Archon: The Books of Raziel by Sabrina Bernulis was a bit of a challenge. Where the first few chapters were very confusing and I was so lost that I couldn't even remember what I read a few pages back. However, I did read on and finish the book, and I can say that at about 130+ pages the story started becoming very interesting. Sabrina Bernulis has a thought-provoking take on angels and it's a side which made myself more drawn to finishing the story. There were small tid-bits that were like 'Ah Ha!' moments that you should have seen coming, which I really liked. The way Luz was described in detail was well written and vivid that I imagined a dystopian demonic world or a medieval age revolving around Angels & Demon lore. What I didn't like is that early in the story there was a bunch of character dumps that I had difficulty catching up on whose who. And although it did get better as you read on there were still little hiccups that get me confused all over again.On a note on past reviews that have mentioned about Angela's constant attempts at suicide -- they were a bit exaggerated. It was mentioned from time to time, but it was because it leads to an important part in the story/climax.Final thoughts, It may not be for everyone but it is still worth reading if you're not easily driven away by literary hiccups.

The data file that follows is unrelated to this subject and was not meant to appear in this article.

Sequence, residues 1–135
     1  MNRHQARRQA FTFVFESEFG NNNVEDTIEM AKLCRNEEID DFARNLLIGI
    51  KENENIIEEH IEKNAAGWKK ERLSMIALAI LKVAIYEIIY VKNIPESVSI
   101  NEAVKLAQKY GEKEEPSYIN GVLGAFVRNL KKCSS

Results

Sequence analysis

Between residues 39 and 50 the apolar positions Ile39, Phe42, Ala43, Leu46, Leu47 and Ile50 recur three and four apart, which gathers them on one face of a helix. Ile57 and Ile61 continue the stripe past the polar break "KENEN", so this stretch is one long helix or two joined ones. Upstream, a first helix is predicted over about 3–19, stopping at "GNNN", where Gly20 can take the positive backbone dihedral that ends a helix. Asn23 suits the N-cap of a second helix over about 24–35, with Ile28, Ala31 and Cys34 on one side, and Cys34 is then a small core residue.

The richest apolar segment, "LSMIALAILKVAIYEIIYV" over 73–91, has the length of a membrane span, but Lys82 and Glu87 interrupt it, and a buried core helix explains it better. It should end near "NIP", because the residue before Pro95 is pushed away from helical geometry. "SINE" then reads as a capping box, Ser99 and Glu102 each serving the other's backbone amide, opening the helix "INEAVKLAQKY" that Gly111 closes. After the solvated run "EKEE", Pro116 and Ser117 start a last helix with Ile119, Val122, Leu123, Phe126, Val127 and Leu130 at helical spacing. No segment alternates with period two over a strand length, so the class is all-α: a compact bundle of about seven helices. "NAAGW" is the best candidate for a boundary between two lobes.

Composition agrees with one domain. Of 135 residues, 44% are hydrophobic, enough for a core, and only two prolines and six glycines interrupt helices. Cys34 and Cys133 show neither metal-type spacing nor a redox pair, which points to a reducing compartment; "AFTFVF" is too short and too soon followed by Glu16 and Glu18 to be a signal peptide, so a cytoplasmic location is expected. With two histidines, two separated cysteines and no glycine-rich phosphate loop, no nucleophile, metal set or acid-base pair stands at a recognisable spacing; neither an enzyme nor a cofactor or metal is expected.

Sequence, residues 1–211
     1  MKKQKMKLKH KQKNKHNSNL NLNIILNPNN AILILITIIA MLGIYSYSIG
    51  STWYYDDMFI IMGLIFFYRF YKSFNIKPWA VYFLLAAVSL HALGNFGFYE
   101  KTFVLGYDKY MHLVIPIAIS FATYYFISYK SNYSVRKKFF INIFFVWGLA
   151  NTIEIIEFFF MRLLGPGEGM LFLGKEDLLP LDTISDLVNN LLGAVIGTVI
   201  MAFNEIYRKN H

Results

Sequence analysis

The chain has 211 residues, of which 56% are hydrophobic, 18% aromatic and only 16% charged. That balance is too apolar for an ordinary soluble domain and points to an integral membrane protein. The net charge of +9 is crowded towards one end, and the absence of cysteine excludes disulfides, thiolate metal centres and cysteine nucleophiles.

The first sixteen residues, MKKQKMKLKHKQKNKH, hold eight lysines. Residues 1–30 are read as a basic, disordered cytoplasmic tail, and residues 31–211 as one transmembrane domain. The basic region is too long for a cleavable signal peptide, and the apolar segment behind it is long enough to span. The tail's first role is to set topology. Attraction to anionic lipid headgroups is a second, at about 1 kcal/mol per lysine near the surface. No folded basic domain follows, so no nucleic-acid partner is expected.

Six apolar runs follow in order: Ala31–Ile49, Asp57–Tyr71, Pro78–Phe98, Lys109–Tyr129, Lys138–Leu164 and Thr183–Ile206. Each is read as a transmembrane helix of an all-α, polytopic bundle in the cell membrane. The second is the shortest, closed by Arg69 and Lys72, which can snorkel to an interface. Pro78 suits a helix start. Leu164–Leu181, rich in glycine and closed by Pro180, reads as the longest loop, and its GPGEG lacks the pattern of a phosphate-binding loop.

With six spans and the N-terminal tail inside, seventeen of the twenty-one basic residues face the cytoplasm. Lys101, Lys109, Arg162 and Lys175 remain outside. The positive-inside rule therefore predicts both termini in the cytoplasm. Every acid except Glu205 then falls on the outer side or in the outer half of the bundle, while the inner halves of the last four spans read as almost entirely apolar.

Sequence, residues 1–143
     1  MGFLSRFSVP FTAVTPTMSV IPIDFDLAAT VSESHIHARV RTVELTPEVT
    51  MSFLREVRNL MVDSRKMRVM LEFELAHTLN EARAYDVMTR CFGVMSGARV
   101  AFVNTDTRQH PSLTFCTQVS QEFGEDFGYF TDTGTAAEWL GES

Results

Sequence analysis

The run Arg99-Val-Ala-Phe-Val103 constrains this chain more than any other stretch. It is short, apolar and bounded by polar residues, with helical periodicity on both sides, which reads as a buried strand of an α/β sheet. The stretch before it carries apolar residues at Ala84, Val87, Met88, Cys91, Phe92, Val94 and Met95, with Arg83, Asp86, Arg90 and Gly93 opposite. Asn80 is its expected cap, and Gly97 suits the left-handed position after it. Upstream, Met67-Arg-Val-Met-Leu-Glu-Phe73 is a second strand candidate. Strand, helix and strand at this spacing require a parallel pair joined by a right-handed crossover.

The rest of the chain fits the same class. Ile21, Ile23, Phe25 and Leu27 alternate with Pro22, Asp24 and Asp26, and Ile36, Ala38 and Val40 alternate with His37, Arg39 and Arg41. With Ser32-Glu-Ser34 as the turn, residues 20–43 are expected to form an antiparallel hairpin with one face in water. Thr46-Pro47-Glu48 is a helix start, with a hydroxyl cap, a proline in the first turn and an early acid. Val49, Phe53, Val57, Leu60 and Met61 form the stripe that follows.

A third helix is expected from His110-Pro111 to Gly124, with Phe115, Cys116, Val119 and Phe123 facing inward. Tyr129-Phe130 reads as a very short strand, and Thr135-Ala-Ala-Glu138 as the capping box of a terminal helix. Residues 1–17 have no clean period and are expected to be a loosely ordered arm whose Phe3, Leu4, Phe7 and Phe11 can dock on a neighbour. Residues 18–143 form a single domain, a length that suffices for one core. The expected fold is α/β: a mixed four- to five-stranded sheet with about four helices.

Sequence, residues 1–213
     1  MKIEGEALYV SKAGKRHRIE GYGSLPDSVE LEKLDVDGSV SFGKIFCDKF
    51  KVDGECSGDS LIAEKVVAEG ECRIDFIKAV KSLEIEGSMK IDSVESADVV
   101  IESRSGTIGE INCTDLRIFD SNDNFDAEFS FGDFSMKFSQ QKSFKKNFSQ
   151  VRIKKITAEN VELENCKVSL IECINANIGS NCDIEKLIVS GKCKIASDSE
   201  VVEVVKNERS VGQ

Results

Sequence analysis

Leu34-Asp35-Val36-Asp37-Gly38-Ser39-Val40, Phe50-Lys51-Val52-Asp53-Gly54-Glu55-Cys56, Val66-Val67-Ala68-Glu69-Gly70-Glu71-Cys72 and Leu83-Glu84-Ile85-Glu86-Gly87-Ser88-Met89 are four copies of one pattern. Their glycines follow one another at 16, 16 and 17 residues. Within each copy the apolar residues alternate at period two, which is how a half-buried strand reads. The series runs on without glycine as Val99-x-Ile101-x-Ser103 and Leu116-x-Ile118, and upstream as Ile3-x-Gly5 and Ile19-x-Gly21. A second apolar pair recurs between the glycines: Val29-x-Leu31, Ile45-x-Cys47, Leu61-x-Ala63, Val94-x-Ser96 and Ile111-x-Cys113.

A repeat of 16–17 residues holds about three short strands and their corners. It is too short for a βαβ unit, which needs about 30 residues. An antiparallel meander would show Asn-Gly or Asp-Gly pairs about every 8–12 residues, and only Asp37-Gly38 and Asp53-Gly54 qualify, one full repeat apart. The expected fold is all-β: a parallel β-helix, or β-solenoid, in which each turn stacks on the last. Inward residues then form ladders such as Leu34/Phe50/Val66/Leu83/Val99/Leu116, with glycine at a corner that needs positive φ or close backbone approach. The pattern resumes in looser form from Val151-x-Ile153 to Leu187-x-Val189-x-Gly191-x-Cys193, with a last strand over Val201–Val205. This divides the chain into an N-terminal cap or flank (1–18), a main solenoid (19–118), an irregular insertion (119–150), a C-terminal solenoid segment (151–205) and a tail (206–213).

DarkFaerieTales on LibraryThing More than 1 year ago